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Report on Pacaya (Guatemala) — September 1983

Scientific Event Alert Network Bulletin, vol. 8, no. 9 (September 1983)
Managing Editor: Lindsay McClelland.

Pacaya (Guatemala) Strombolian bursts and lava flows in summit crater

Please cite this report as:

Global Volcanism Program, 1983. Report on Pacaya (Guatemala). In: McClelland, L (ed.), Scientific Event Alert Network Bulletin, 8:9. Smithsonian Institution. https://doi.org/10.5479/si.GVP.SEAN198309-342110.

Volcano Profile |  Complete Bulletin


Pacaya

Guatemala

14.382°N, 90.601°W; summit elev. 2569 m

All times are local (unless otherwise noted)


In March 1983, small Strombolian explosions began in MacKenney Crater, 50 m in diameter and 30 m deep. Similar activity continued through June. Activity increased on 17 July when explosions were heard and glow seen from nearby towns. By 31 July, the crater was completely filled with blocks and ash. A pyramidal cone 30 m in diameter and 20 m high, with a small upper crater, was present within the summit crater on 21 August. On 4 September, activity increased again as lava flowed from a hornito on the upper S flank of the newly formed cone. On 11 September, the cone was 25 m high and 50 m in diameter with three active vents trending N and two lava flows emerging from its W flank. The two upper vents produced continuous explosions on 15 September, and lava flowed about 200 m downslope from a hornito on the N flank of the summit crater.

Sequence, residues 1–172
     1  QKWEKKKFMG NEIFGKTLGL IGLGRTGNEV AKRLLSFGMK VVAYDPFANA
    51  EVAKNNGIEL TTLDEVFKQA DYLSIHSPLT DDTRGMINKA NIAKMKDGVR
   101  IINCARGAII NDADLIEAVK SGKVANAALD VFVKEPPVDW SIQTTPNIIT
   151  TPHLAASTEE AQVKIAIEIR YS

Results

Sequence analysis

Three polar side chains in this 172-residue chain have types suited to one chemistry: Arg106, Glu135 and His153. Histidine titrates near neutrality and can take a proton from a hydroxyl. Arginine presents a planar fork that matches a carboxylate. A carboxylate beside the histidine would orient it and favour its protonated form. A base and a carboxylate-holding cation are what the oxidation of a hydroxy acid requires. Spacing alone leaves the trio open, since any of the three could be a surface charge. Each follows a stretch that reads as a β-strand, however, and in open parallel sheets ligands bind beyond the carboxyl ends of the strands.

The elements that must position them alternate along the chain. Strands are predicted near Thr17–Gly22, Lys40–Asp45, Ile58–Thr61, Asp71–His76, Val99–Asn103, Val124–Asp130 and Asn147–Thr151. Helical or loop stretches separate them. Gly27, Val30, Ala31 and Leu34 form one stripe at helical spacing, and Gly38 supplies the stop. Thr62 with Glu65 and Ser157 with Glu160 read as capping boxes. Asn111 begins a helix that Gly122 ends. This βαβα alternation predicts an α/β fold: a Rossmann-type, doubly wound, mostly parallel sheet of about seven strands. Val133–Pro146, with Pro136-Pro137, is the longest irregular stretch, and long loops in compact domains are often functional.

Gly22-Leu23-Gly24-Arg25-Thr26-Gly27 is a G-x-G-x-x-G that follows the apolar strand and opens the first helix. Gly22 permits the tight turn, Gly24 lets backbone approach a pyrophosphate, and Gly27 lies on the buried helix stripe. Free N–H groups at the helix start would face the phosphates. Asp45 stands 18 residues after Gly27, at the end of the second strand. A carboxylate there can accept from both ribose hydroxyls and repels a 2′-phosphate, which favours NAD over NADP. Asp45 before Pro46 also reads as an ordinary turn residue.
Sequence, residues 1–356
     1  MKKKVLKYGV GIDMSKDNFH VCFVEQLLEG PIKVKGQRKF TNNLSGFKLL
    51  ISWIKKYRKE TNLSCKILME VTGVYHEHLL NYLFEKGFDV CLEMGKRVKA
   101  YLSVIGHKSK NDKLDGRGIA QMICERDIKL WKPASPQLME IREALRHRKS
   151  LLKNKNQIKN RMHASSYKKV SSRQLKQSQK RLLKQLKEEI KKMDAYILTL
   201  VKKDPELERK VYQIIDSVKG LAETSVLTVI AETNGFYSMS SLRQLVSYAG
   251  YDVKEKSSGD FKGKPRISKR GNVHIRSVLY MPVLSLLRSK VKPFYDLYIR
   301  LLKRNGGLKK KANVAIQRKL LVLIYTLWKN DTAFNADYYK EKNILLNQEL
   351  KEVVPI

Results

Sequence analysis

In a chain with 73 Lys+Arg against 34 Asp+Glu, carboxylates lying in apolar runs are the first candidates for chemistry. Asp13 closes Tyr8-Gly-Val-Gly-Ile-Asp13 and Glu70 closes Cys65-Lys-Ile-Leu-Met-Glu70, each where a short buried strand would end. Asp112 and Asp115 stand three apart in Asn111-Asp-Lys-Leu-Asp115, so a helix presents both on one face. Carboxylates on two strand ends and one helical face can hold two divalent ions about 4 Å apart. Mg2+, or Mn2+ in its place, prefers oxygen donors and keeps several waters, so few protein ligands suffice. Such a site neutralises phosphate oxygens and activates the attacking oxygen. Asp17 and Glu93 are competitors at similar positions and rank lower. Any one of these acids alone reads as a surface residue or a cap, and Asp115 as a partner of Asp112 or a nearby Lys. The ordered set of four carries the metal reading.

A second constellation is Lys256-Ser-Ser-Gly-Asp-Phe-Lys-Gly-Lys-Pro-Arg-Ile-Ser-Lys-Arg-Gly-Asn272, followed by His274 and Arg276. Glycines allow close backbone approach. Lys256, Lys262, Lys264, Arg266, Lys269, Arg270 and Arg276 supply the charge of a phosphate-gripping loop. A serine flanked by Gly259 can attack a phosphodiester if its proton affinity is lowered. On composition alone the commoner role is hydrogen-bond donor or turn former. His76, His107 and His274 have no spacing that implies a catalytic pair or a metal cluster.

Geologic Background. Eruptions from Pacaya, one of Guatemala's most active volcanoes, are frequently visible from Guatemala City, the nation's capital. This complex basaltic volcano was constructed just outside the southern topographic rim of the 14 x 16 km Pleistocene Amatitlán caldera. A cluster of dacitic lava domes occupies the southern caldera floor. The post-caldera Pacaya massif includes the ancestral Pacaya Viejo and Cerro Grande stratovolcanoes and the currently active Mackenney stratovolcano. Collapse of Pacaya Viejo between 600 and 1500 years ago produced a debris-avalanche deposit that extends 25 km onto the Pacific coastal plain and left an arcuate somma rim inside which the modern Pacaya volcano (Mackenney cone) grew. A subsidiary crater, Cerro Chino, was constructed on the NW somma rim and was last active in the 19th century. During the past several decades, activity has consisted of frequent strombolian eruptions with intermittent lava flow extrusion that has partially filled in the caldera moat and armored the flanks of Mackenney cone, punctuated by occasional larger explosive eruptions that partially destroy the summit of the growing young stratovolcano.

Information Contacts: A. MacKenney, Guatemala City.